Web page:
Wales PoetryFarewell To Wales
The voice of thy streams in my spirit I bear; Farewell; ...
Thou swan, upon the waters bright, In lime-hued vest, like...
The Bard's Long-tried Affection For Morfydd
All my lifetime I have been Bard to Morfydd, "golden m...
To The Lark
"Sentinel of the morning light! Reveller of the...
"Oh Gwynedd, fast thy star declineth, Thy name is gone, t...
The Day Of Judgment
was a native of Anglesea, and entered the Welsh Church...
Concerning The Divine Providence
* * * * * Whether to the east or west You go, wondr...
Twenty Third Psalm
My shepherd is the Lord above, Who ne'er will suffer me to...
The Sick Man's Dream
Dans le solitaire bourgade, Revant a ses maux triste...
Translated By The Rev William Evans
God doth withhold no good from those Who meekly fear him ...
The Lily And The Rose
Once I saw two flowers blossom In a garden 'neath the h...
An Address To The Summer
of Llanbadarn Fawr, Cardiganshire, and was born about ...
Llywarch Hen's Lament On Cynddylan
Taliesin in the sixth century. He was engaged at the batt...
So artless art thou, gentle ewe! Thy aspect kindles...
An Ode On The Death Of Hoel
of the sixth century. He was himself a soldier, and d...
The Immovable Covenant
the Welsh of Mr. H. Hughes, was a Minister in the Baptist ...
The Hall Of Cynddylan
The Hall of Cynddylan is gloomy to-night, I weep, for th...
The Faithful Maiden
At the dawning of day on a morning in May, When the bi...
The Circling Of The Mead Horns
Fill the blue horn, the blue buffalo horn: Natural is mead...
The Lord Of Clas
Category: The Sentimental.
The Lord of Clas to his hunting is gone,
Over plain and sedgy moor;
The glare of his bridle bit has shone
On the heights of wild Benmore.
Why does he stay away from hound?
Nor urge the fervid chase?
Where is the shrill blast of his bugle sound?
And the bloom of his radiant face?
The Lord of Clas has found other game
Than the buck and timid roe;
His heart is warm'd by other flame,
His eyes with love-light glow.
On the mountain side a damsel he met
Collecting flowers wild;
Her eyes like diamonds were set,
And modest as a child.
Fair was her face, and lovely to see
Her form of slender mould,
Her dark hair waved in tresses free
On shoulders arch and bold.
The Lord of Clas did blush and sigh
When the lovely maid he saw;
He stoutly tried to pass her by;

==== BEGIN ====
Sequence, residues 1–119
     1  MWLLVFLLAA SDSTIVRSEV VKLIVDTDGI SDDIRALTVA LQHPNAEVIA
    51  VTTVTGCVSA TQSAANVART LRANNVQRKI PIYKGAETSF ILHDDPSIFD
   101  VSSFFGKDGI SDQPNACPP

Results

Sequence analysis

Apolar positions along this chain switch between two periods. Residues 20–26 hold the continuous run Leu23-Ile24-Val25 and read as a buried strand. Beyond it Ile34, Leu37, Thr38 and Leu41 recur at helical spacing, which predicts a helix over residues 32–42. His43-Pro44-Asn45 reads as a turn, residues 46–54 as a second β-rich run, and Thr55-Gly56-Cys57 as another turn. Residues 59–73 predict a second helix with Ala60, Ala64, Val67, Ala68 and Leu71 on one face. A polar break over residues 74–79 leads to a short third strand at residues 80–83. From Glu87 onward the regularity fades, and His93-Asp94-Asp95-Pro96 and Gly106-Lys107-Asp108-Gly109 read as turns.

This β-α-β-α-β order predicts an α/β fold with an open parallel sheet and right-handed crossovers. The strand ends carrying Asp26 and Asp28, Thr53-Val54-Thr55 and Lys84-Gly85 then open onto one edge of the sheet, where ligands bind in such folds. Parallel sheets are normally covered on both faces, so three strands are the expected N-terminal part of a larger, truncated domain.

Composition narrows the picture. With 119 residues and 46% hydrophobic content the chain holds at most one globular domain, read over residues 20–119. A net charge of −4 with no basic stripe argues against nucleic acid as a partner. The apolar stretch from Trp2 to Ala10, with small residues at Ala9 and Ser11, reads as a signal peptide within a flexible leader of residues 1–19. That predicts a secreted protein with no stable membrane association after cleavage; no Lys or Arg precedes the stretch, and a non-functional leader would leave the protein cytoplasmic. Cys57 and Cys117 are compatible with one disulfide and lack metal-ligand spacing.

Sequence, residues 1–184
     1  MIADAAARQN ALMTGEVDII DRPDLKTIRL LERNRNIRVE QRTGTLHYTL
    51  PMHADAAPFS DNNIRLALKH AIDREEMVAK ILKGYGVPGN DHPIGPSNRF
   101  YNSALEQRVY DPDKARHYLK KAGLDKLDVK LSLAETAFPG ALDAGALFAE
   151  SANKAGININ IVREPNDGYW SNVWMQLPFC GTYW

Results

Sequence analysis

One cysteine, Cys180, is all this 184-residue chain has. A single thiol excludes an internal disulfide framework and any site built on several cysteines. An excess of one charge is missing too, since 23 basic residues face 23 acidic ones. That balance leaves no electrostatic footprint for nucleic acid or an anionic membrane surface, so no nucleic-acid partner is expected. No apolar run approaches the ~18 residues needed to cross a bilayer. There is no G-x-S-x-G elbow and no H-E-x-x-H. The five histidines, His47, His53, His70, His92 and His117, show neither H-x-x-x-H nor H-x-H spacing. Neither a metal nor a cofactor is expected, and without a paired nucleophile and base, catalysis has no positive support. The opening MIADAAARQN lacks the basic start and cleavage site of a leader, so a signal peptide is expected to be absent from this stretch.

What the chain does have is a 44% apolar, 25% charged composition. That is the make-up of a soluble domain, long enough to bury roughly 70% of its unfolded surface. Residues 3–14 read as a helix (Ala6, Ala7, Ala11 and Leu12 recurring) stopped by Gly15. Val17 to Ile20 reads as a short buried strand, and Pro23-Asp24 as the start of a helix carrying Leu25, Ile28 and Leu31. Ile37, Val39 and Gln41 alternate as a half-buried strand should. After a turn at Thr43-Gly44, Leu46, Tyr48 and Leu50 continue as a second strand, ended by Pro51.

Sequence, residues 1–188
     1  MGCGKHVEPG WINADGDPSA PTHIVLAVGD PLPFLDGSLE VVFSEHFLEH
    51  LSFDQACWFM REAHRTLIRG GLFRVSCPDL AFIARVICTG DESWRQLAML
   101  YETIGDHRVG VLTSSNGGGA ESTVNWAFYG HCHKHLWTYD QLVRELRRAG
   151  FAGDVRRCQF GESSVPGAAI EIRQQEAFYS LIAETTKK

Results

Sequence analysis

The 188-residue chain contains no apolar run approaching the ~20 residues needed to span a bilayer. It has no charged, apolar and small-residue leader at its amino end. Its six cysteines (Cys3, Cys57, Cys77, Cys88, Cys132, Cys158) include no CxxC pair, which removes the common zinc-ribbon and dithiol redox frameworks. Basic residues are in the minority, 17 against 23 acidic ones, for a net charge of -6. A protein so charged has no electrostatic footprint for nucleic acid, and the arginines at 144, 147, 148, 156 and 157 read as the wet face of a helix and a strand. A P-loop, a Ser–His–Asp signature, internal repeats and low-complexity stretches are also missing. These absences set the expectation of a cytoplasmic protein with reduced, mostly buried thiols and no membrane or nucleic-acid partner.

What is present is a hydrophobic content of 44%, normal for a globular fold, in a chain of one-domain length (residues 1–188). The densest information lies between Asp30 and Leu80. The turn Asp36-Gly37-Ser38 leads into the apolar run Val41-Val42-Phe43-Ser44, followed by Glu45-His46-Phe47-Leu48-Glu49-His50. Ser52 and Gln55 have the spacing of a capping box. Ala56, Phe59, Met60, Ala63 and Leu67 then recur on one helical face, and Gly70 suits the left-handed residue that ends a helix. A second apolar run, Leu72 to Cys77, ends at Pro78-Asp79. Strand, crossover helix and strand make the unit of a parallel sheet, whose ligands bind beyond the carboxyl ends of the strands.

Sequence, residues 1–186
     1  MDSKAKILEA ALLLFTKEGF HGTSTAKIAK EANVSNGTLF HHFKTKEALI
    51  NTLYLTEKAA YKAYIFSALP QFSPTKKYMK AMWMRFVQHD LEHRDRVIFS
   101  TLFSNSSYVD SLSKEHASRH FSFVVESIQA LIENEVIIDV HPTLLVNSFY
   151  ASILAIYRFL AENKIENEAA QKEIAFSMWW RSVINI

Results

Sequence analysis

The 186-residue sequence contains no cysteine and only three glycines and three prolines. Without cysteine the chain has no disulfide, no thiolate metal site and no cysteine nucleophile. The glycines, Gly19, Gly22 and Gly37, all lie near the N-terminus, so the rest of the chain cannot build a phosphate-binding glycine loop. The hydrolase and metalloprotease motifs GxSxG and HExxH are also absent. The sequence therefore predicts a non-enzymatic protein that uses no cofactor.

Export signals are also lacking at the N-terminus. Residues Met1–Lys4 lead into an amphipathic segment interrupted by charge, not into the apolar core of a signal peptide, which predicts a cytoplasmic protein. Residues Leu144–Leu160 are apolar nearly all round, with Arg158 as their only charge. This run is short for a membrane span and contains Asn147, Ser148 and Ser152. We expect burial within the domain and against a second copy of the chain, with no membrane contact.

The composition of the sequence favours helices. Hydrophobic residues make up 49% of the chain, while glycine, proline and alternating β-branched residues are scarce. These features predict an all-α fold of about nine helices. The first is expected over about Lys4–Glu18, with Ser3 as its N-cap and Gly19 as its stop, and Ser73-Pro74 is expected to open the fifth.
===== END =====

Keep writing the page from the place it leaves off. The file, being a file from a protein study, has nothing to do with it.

His bridle rein did draw.
But his heart quick flutter'd in his breast,
The rein fell from his hand,
In accents weak the maid address'd,
While trembling did he stand.
"Fair lady, may I ask your name?
And what your purpose here?
From what bright homestead far you came?
And is your guardian near?"
Answer'd the maid with haughty mien,
That show'd her high estate:
"I know not, sir, why you should glean
Such knowledge as you prate.
I ask'd not your name, or whence you came?
Nor on you deign'd a look;
Wherefore should you my wrath inflame,
By taking me to book?"
The chieftain high was now subdu'd,
And lower'd was his crest;
With deep humility imbued
The maid he thus address'd:
"My lady fair, your beauteous mien
My heart has deep impress'd;
Altho' I hear the chase so keen,
My thoughts with you do rest.
I did essay to pass your charms,
And spurr'd my steed to flight,
But your dazzling beauty numb'd my arms,
And chain'd me to your sight.
If I may humbly crave your love,
I'll tell you my degree:
I am the Lord of yonder grove
And of this mountain free.
These broad lands will your dowry be,
If you my suit receive,
And ye shall urge the chase with me
From morn to winter eve."
The maid's reply was firm, yet bland,
And in a calmer mood:
"I thank you, sir, for your offer'd hand,
With dowry large and good.
I thank you for all your praises fair,
And for your gallant grace;
Had we but met an earlier year
I might be Lady Clas.
Behold this ring on my finger worn--
A token of plighted love;
Lo, he who plac'd it there this morn
Sits on yon cairn above."
The chieftain look'd to the lonely cairn
And saw the Knight of Lleyn!
Like mountain deer he flew o'er the sarn,
And there no more was seen!
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